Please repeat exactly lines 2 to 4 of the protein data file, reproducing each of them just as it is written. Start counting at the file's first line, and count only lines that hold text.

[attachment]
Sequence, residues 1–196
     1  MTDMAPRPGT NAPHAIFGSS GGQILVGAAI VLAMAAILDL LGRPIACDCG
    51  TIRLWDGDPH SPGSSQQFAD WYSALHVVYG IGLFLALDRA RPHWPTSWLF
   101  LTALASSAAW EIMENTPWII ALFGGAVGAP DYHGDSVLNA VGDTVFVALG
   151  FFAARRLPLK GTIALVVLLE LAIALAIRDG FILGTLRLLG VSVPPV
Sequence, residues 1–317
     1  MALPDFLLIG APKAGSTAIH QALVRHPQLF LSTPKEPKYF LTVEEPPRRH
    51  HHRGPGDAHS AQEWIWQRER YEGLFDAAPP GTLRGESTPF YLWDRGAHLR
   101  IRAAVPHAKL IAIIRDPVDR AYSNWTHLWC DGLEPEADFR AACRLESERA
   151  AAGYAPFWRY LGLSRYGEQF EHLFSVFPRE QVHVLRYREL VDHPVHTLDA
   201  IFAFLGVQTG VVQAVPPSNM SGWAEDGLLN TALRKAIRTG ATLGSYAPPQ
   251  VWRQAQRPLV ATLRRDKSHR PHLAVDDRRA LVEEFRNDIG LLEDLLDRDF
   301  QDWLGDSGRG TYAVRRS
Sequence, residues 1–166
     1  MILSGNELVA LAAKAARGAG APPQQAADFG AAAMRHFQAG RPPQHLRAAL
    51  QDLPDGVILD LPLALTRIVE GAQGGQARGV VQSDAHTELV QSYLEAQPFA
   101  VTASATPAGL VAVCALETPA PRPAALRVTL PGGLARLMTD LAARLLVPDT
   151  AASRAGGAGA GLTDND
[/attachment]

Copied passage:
     1  MTDMAPRPGT NAPHAIFGSS GGQILVGAAI VLAMAAILDL LGRPIACDCG
    51  TIRLWDGDPH SPGSSQQFAD WYSALHVVYG IGLFLALDRA RPHWPTSWLF
   101  LTALASSAAW EIMENTPWII ALFGGAVGAP DYHGDSVLNA VGDTVFVALG